Brandeis and India: Student Voices
Brandeis students and alumni are intimately involved in reconstruction and reflection efforts in Mumbai. Here are a few of their stories.
I landed in Mumbai on the 19th of December. Unsurprisingly, the city was as warm and exciting as ever. The scars of 26/11 were almost invisible and anxiety – if at all present – was hardly palpable. Much has been said about Mumbai’s resilience which takes centre stage in the aftermath of every such attack. The bitter truth is that this resilience is nothing more than euphemism for apathy.
I met several officials of the Mumbai Police in order to gauge their sentiment and to offer monetary assistance to the families of their deceased colleagues on behalf of Brandeis. While they were baffled to learn about Brandeis’ response, they politely declined the offer as the central and state governments and the local business community has offered adequate support. Their bewilderment was a strange combination of joy and irony. They were delighted to learn that a community a few thousand miles away from where they are had responded in the manner that we have. A sense of incongruity also prevails as they wonder why they are cared for only post-martyrdom.
I also met Rabbi Goldberg of the Chabad Lubavitch movement. Rabbi Goldberg has replaced Rabbi Holtzberg and is leading the reconstruction efforts. He and his colleagues were delighted to learn about Brandeis’ initiative and requested me to convey their gratitude to the community. They were given a banner which contained messages of peace inscribed by members of the Brandeis community. Revive Mumbai will be contacting the Chabad headquarters in New York, via Rabbi Chein, in order to design a program which will allow Brandeis students to travel to India this summer in order to assist with the reconstruction efforts.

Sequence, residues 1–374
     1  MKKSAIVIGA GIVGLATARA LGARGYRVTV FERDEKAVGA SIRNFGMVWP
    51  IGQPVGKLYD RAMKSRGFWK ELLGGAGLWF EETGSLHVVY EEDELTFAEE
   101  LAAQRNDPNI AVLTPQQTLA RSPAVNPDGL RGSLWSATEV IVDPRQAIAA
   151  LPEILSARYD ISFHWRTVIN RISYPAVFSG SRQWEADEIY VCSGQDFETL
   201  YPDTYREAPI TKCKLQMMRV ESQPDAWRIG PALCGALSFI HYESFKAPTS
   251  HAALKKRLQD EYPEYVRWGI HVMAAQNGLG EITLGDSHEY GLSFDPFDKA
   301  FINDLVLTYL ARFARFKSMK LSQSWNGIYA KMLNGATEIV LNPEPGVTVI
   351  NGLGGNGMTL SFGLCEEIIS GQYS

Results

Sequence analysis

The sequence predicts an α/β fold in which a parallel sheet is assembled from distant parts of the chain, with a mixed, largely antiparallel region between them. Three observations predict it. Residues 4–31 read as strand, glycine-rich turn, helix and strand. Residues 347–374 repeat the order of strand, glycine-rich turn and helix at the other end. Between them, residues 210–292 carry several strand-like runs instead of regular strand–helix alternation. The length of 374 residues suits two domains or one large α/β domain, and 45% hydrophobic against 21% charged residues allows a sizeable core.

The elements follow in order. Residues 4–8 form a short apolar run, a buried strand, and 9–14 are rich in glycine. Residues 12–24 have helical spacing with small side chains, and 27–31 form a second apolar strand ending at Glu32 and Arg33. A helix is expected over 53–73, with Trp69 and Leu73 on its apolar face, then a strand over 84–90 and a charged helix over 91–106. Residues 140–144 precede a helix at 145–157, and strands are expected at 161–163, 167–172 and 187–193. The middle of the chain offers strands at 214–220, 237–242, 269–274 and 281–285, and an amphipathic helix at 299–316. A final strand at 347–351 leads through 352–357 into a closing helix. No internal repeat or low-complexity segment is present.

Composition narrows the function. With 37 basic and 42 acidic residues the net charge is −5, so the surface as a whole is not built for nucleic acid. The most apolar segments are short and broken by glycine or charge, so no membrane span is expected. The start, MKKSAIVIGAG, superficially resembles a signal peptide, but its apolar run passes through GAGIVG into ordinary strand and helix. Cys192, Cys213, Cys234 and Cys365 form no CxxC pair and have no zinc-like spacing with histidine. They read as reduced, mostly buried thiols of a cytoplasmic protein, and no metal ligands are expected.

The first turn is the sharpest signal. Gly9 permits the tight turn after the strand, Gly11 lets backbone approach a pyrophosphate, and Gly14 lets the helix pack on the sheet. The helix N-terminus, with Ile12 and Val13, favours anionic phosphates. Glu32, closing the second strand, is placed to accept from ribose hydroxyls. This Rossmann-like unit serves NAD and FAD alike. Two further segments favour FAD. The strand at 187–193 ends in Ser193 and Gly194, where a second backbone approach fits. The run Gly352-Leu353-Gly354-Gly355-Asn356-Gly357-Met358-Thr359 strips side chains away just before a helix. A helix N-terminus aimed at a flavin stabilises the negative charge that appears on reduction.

Finally, I met with officials of the American Center, a subsidiary of the Department of State, where Brandeis has a relationship through an alumnus. They were excited to hear about our efforts and offered to assist us as and when we might need their help. They echoed the sentiments of Rabbi Goldberg and his colleagues in appreciating Brandeis’ magnanimity.
Back on campus, charged by the encouragement we have received from various quarters, Revive Mumbai is working hard to realize its goals. We are committed to raising the $50,000 needed to establish the proposed scholarship and are looking forward to establishing an opportunity for those interested in participating in the Chabad house reconstruction efforts. Of course, none of our missions can be accomplished without your support.
* Note: This article was previously published in an edited form by Cleveland Jewish News
It’s been a rough several days. This wasn’t the Thanksgiving weekend I had in mind. I was looking forward to taking a break to relax, eat well, enjoy time with friends, and pause to reflect on gratitude and appreciation in my life. Turns out, that’s what Gabi and Rivki gave me every time I went to Chabad for Shabbat.
I spent nearly four and a half months living in Mumbai from January to June, 2007, while volunteering with the American Jewish World Service. I worked with NGOs located in South Mumbai, in the area of last week’s attacks. These sites are not abstract to me; they are real, I was there, and they are personal. Especially Chabad.